Five siblings are embroiled in a court battle over the control of a Sh300 million parcel of land left behind by a bishop who died on May 19, 2012.
The 577 acres are located in Subukia, Nakuru County.
The land was left behind by their father, Elijah Mwangi, a former bishop of the Holy Ghost Church of East Africa.
According to court papers filed at the High Court in Nakuru, the land is part of the 1,805 acres left behind by the cleric. Before he died he had shared the rest of the land among his five children, Loice Wangari, 62, Jacob Ihugo, 58, Michael Kamau, 56, Phillip Karanja, 54 and David Mungai, 50.
Ihugo has since died.
Application for grant
In 2016, Kamau and Wangari filed an application for a grant to be administrators of their father’s property. On April 29, 2016, Judge Anthony Ndung’u confirmed the two siblings as the administrators of some 577 acres of the estate.
The confirmation of the grant caused divisions in the family after they failed to agree on the distribution of the land.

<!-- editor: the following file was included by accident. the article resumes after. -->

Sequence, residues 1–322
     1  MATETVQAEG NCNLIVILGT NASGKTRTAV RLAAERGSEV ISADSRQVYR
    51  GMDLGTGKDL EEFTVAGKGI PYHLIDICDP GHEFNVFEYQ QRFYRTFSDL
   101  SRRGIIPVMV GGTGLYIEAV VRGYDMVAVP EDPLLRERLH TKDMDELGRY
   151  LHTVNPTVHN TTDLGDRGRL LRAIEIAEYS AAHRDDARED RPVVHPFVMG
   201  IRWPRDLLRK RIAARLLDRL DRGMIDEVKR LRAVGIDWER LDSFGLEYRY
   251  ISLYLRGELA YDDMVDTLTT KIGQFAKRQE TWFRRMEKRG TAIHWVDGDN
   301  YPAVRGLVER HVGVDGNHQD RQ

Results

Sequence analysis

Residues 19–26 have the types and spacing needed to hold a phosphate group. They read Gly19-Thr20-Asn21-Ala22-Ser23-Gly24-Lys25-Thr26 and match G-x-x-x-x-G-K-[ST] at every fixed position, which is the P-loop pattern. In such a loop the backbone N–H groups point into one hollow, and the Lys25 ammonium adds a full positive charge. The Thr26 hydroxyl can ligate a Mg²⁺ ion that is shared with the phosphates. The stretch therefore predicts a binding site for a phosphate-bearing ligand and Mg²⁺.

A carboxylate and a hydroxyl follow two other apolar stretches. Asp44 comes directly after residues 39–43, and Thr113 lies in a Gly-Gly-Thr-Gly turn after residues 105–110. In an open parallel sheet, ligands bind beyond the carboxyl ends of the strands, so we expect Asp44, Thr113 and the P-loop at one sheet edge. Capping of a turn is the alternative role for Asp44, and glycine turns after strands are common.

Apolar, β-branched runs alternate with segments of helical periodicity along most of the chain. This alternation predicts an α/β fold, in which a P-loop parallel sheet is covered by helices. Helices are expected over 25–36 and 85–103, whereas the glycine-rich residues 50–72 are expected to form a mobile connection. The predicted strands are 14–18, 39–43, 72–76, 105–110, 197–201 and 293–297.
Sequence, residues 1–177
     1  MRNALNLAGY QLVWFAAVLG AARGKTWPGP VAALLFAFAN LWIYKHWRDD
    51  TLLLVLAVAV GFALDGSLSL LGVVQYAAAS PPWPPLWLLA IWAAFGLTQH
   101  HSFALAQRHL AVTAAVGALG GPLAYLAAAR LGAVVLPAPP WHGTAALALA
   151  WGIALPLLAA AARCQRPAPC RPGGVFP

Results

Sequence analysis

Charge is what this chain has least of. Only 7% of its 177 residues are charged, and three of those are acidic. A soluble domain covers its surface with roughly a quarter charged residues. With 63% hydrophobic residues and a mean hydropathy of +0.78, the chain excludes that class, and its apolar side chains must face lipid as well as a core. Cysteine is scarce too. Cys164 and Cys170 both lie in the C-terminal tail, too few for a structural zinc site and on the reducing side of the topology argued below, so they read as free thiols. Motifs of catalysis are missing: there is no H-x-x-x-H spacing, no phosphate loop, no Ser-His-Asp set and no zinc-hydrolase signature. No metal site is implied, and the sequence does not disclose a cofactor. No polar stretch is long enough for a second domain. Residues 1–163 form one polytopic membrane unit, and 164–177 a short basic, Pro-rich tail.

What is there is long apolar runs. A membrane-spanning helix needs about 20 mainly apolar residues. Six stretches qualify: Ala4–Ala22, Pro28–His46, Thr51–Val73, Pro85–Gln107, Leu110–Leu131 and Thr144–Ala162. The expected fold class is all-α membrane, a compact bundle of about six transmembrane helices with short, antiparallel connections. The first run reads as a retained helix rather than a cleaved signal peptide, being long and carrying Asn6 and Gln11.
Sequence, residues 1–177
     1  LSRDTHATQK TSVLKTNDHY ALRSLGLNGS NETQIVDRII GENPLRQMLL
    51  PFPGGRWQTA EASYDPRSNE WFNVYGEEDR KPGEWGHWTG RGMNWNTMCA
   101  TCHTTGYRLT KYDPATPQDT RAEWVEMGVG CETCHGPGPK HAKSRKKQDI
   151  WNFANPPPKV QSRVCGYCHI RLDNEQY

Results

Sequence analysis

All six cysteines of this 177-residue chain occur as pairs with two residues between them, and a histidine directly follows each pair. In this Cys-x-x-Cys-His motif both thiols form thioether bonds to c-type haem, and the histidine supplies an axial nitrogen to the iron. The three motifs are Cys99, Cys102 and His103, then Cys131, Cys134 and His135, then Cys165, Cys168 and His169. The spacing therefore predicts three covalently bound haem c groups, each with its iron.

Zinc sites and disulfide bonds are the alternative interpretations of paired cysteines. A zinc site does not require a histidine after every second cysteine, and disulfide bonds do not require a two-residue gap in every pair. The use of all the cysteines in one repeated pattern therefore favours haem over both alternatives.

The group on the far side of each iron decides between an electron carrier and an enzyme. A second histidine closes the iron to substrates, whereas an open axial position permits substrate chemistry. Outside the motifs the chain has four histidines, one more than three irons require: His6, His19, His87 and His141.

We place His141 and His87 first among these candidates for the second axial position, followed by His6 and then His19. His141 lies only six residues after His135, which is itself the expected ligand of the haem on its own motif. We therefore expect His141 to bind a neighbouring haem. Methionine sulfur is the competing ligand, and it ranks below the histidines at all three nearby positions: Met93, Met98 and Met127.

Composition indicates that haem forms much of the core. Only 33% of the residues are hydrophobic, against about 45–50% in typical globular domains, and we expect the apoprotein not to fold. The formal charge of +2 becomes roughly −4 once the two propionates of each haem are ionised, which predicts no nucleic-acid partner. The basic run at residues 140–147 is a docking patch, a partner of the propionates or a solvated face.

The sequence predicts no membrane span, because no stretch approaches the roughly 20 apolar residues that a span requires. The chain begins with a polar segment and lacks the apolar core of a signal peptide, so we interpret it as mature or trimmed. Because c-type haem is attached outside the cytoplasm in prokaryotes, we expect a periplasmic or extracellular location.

Karanja and Mungai then moved to court to challenge the letter of grant issued to Kamau. In his application, Karanja claims that the administrators have frustrated his possession and ownership of the 420-acre property, valued at Sh295,573,000.
He averred that his elder sister Wangari had ganged up with Ihugo's wife, Ann Njoki, and Kamau to take over the ownership and distribution of all the properties.
“They have used their powers as administrators in an attempt to frustrate the ownership of the properties belonging to me and my brother Mungai,” claims Karanja.
He told the court that he was legally entitled to the land being the share of his inheritance from his father.
“I was given exclusive ownership, occupation and development of the 420-acre, L.R NO. 3334 in 1982,” Karanja’s plaint read in part.
In his application, Karanja claims that he and Mungai had developed the property they inherited and had, for 35 years, assisted their father in managing the estate. He said during this time, Kamau went to the US where he stayed for 29 years.
Karanja further submits that his brother came back, ganged up with their elder sister and sister-in-law in an attempt to take away his legal possession from him.
“I do not intend to share what I possess because I worked hard for it. The attempts by my siblings are illegal and thus I object the grant issued to them,” he avers.
On his part, Mungai claims that he was allocated 157 acres as a reward for his obedience, hard work, honesty and care for his father. He accuses his siblings (administrators) of being selfish, exploitative.
The case will be mentioned on February 14 for directions.